By Contributor Pearce Fujiura
This April 8, while millions (dare I say billions) of Christians around the world celebrate the resurrection of Jesus Christ, thousands (dare I say millions) of Buddhists will be celebrating the birth of Buddha.
In a somewhat infrequent confluence of holy events, Easter Sunday this year corresponds perfectly with the Japanese Buddhist holiday Hanamatsuri.
Hanamatsuri has been on April 8 every year since Japan converted to the Gregorian calendar in the late 19th century. Hanamatsuri literally translates into ‘flower festival’ and is one of my favorite holidays.
Hanamatsuri celebrates the folklore surrounding the story of the birth of Siddhartha Gautama. According to versions of the Buddha’s birth, Buddha could walk the moment he was born. He took seven steps with his right hand pointing towards the heavens and his left hand pointing to the earth said, “I alone am honored in heaven and on earth.” At which point sweet nectar rained from the heavens (or in some versions perfume was poured over the Buddha by two dragon kings). Because of this story Buddhists in Japan and other East Asian countries celebrate the birth of Buddha by pouring sweet tea or sprinkling water over statues of the Buddha and decorating alters with flowers.
I have always enjoyed Hanamatsuri, and have looked forward to the ama-cha (sweet tea) made that year. Regardless of whether you believe the story about the events that transpired during the birth of Buddha, I think anyone can enjoy the beauty behind the ceremony. For Buddhists it is a holiday with traditions stretching back centuries, and it still holds a lot of meaning.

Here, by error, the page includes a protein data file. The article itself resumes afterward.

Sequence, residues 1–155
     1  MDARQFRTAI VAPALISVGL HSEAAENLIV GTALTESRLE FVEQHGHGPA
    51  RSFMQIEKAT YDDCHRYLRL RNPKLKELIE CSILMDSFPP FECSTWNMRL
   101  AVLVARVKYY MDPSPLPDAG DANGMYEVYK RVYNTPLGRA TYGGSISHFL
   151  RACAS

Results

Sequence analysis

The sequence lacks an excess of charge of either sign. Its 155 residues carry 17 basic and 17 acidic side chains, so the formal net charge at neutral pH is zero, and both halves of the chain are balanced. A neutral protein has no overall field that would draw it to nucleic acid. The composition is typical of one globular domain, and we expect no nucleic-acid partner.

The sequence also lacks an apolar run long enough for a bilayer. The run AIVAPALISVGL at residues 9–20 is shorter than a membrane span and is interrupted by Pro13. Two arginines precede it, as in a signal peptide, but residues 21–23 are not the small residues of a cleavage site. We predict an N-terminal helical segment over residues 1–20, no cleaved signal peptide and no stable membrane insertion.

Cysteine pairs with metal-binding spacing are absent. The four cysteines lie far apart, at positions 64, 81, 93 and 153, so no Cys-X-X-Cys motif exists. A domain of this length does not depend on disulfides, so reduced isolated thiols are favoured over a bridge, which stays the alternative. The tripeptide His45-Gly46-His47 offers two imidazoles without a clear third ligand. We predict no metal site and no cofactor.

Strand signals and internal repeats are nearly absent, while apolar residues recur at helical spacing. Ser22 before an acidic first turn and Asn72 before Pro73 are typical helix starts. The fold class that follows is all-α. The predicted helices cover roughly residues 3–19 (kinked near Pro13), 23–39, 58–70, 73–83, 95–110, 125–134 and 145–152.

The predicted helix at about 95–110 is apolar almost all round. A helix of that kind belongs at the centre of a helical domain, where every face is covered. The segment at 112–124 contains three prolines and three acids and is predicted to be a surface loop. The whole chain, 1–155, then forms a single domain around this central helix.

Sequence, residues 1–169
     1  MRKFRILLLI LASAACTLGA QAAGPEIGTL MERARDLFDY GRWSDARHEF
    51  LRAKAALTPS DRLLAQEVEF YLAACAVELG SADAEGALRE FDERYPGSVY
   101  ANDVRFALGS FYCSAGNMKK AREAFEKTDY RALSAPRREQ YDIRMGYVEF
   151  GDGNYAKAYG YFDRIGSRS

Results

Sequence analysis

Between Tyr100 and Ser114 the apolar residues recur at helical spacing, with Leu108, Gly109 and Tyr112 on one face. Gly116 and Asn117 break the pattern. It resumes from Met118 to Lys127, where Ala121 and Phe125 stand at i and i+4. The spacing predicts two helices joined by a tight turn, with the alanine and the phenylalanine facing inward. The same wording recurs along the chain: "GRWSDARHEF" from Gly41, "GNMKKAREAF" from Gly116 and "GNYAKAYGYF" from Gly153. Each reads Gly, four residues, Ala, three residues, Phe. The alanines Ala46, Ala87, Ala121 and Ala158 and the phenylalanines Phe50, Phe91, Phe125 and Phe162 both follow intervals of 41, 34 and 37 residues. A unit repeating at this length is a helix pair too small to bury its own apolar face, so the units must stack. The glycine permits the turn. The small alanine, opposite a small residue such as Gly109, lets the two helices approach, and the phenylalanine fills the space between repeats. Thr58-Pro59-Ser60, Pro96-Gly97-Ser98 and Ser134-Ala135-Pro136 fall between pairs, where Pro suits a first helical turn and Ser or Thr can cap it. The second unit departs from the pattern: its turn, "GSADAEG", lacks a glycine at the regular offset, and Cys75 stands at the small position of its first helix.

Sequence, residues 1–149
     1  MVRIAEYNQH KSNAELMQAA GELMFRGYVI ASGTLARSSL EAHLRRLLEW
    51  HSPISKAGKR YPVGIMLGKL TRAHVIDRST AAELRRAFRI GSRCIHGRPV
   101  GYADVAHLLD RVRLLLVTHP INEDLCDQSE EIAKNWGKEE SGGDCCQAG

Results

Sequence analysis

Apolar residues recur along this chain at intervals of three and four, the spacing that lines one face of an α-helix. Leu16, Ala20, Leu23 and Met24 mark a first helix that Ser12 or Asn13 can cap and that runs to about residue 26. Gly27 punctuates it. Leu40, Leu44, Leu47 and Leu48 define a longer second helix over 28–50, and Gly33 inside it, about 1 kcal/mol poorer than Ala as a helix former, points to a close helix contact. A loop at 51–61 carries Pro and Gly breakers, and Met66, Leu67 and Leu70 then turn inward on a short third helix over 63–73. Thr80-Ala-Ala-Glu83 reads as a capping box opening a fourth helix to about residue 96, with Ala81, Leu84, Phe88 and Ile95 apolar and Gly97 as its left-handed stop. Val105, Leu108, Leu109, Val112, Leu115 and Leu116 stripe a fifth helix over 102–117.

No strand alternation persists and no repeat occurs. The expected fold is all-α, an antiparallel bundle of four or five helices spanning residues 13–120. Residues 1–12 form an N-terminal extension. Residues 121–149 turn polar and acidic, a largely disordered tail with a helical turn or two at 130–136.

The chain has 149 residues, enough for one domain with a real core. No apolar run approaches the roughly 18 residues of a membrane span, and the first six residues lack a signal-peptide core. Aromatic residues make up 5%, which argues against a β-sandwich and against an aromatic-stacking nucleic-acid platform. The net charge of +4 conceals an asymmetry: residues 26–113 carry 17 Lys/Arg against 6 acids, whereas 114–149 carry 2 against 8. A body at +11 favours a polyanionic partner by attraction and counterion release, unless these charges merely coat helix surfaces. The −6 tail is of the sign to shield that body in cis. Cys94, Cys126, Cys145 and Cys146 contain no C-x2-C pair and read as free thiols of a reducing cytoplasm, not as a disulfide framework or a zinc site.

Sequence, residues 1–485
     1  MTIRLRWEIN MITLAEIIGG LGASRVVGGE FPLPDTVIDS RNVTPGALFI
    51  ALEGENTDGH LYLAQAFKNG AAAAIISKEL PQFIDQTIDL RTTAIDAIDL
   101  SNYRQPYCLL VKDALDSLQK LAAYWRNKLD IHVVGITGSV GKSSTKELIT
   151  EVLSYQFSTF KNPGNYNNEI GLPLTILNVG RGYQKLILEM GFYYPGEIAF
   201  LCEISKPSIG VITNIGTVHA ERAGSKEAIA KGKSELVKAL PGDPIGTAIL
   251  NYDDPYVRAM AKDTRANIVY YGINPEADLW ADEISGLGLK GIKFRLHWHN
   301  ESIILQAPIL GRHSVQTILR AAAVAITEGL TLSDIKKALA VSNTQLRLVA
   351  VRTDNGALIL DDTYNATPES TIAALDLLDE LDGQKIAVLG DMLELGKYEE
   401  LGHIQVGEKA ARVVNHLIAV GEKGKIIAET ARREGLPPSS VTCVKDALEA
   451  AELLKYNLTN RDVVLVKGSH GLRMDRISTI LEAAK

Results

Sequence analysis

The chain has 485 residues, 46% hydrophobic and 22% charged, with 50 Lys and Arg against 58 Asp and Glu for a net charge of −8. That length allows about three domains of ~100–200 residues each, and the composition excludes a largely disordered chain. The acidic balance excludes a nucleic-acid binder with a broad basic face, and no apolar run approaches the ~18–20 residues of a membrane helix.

This is a concept that I find refreshing, especially during this season in which many people paint and hide eggs for reasons that are largely unknown by the common practitioner. While the church pews fill and everyone begins the conversation about the transformative power of the resurrection of Christ, temples are also filling with practitioners bearing flowers and tea celebrating the gift of Buddha’s arrival on earth.
I like to celebrate Buddha’s entrance onto this planet and reflect on my own contributions towards greater understanding. I would like to imagine it is not mere coincidence both of these significant events happen to fall on this date in the calendar. It’s nice to think that this time of year is holy to all. As I watch all my Christian friends file out of church this coming Sunday, I’ll smile knowing we share a common reverence for those who came generations before us to give us the gifts that provide spirituality to their children even today.